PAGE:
Our boat headed in. We had missed our chance at a sailfish. Still and all, we had our health. We had kept our good humor. That was more than could be said for our compatriots aboard the Huntress. True, they had caught one dorado, putting away their fly rods and resorting to trolling with baited hooks. But one dorado was small recompense for the misery brewing in Meyers's guts. He claimed he had been poisoned by one of the soggy ham sandwiches our charter outfit had served.
"I don't recommend their chef," he barked, loading us hurriedly into his Isuzu Trooper. We made an emergency pit stop in town, but he still looked awful. The hotel was a 10-minute drive into the hills, and Meyers's shirt was drenched in sweat before we had gone another mile. "I gotta cry Ruth," he said, as he stopped the car.
Meyers was out the door before I comprehended. "Ru-u-u-th!" he vomited, with gusto. "Ru-u-u-th!" Meyers was circling the car, stopping every few feet to hurl anew. Meanwhile, the Trooper, out of gear, began rolling backward, down the hill. Meyers, loudly convulsing behind the rear bumper, was in its path.
Pedro, Pablo and I were trapped in the backseat, helpless. Eppridge, thank heavens, understood Meyers's warning and yanked the hand brake an instant before the ear put Meyers out of his misery. Meyers wiped his brow and returned to his place behind the wheel. "All set."
After an appropriately sympathetic silence, Pedro was the first to i speak. "You wonder why they hate Americans," he said. "You stop, throw up in their front yard, then leave without saying goodbye."
That isn't true, incidentally. Costa Ricans don't hate Americans in the least. They don't seem to hate anything, which is part of what makes traveling in their country so pleasant. The scenery is dazzling, mountainous and lush, the roadsides speckled with wild impatiens. Birds are abundant and colorful: some 850 species are found in Costa Rica, more than in all of the U.S. and Canada. The soil is rich: bananas, beans, carob, coffee, flowers, macadamia nuts, melons, palm, pineapple and yucca are all grown for export. And the temperature is moderate the year round, cooled by breezes off the Caribbean and the Pacific.
The six-hour drive north to Lake Arenal gave us plenty of time to soak it all in. The roads were dreadful, so the going was uniformly slow. Meyers, still queasy from his attack of food poisoning, spent much of his remaining energy dodging potholes the size of queen beds. Fortunately there wasn't a lot of traffic, since most of the local populace use horses or oxcarts or buses for transportation. We were in no rush. We had left a couple of fly rods rigged up in the event we passed any good-looking stretches of water, and we fished a couple of streams. Pedro, Mr. Lucky, got our only strike. Something called a Jesus Christ lizard, so named because it walks on water, leaped out of the bamboo and scooted across four feet of water to grab his popper in its cute little mouth. Pedro was late striking, of course, so as a group we were still 0-for-Costa Rica.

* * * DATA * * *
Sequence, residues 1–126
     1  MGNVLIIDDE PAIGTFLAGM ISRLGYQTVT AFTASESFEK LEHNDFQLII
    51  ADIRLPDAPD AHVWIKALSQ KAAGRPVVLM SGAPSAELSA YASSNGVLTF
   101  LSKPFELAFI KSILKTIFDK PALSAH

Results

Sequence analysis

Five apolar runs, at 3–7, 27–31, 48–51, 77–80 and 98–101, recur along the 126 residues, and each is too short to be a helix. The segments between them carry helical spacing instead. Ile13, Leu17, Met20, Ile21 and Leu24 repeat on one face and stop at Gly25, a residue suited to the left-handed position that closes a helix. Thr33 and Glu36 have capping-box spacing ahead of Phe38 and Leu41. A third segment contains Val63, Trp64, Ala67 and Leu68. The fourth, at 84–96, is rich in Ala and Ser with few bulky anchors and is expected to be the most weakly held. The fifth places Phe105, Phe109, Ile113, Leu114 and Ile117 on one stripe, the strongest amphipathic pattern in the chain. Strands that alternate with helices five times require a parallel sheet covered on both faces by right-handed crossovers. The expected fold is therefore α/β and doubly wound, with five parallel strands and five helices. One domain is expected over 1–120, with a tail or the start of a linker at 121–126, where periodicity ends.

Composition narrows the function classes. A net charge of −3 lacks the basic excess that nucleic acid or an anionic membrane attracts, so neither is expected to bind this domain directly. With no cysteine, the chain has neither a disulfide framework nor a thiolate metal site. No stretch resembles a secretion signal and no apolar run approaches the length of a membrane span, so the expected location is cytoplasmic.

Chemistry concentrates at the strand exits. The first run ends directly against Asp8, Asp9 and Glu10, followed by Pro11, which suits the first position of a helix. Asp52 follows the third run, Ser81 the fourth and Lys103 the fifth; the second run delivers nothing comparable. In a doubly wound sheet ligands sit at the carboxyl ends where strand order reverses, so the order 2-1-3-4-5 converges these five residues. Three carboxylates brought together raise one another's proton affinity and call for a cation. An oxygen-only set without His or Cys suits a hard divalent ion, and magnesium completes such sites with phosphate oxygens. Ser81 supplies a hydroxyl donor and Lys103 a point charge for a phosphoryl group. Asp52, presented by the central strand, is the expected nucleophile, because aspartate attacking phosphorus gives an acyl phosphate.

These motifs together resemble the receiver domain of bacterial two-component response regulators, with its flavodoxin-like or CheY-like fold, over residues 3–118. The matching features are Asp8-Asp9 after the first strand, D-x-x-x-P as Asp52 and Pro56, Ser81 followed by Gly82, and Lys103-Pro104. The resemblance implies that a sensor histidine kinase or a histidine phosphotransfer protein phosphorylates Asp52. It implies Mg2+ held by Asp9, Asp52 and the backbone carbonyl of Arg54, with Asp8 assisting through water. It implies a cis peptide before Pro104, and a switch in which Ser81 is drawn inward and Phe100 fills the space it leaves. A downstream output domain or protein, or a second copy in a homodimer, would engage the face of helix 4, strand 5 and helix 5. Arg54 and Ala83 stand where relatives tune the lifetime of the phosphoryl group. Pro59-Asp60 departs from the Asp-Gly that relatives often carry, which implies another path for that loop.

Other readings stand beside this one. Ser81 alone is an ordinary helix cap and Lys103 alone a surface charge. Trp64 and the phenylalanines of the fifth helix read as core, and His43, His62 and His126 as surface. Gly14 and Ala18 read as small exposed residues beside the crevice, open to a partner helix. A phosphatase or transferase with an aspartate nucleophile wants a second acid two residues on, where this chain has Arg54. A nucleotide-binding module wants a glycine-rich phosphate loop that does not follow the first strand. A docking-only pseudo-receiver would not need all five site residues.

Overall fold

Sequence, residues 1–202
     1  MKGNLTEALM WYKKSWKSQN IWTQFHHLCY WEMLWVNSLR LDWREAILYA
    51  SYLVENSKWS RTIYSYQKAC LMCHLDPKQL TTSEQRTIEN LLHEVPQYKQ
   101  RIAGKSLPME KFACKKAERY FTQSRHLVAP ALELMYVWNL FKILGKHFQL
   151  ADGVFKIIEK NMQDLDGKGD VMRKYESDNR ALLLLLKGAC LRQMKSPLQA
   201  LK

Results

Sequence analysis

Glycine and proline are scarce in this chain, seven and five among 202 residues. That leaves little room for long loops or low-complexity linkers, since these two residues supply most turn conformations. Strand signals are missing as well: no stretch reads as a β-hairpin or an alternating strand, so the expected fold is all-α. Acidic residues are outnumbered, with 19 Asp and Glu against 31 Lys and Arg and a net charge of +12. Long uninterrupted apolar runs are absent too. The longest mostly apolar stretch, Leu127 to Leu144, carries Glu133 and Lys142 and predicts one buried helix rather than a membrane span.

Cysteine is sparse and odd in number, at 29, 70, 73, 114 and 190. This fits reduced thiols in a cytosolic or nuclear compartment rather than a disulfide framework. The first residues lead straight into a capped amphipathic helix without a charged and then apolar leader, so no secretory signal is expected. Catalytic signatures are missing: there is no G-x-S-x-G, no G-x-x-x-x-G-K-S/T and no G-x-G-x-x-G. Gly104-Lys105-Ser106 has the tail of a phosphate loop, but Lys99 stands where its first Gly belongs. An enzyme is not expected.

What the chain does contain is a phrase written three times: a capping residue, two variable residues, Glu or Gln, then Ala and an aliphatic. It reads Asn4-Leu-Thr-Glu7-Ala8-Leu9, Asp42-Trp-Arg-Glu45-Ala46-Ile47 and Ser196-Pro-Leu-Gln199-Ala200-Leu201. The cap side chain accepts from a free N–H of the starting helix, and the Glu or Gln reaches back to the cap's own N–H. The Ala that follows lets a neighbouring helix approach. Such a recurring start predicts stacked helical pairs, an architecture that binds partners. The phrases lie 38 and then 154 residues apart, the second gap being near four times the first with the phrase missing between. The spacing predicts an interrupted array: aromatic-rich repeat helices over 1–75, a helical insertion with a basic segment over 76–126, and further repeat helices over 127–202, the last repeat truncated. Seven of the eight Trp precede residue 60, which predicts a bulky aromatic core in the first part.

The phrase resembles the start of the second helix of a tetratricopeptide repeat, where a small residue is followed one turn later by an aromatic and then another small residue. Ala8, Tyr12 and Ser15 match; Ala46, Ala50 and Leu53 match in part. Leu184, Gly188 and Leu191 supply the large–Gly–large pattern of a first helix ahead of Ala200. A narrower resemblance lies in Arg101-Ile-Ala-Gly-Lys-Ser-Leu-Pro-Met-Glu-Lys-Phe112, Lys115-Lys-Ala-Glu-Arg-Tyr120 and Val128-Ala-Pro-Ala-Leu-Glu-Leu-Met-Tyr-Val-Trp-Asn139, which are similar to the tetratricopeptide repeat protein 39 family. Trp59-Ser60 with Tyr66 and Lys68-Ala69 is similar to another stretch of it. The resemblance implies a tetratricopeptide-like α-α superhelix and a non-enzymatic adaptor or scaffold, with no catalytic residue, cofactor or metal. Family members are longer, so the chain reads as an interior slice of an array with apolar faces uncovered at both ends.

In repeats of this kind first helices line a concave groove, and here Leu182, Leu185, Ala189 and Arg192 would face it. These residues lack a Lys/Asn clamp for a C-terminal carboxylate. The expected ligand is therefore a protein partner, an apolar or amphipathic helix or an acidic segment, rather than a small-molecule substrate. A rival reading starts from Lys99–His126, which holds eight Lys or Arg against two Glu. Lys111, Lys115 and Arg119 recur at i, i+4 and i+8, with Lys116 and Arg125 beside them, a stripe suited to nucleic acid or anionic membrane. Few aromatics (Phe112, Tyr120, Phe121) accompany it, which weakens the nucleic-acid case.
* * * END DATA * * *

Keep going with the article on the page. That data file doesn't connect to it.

But not for long, I'm happy to say. Lake Arenal, which was referred to in our guidebook as "guapote heaven," gave up three guapote and a machaca to Pablo and Pedro together in a day and a half of fishing, though none of these monsters exceeded 12 inches. "Why you no come in April?" Felix, one of our guides, wondered. "Catch big guapote in April."
A big guapote—the world record is 11½ pounds—would be an interesting creature to see. Small guapote aren't very different from smallmouth bass, but as it matures, the male guapote begins to grow a knob on its forehead that makes it one of the ugliest creatures on earth. (A humorist must have named the fish, since guapote means "most handsome" in Spanish.) Made of gristle and purplish-blue in color, this knob is thought to be used for head-butting other guapote. The guapote is also a savage carnivore. My guide, Dave Anderson, had twice seen guapote kill and eat a jacana, which is a meadowlark-sized bird that cavorts in the shallows.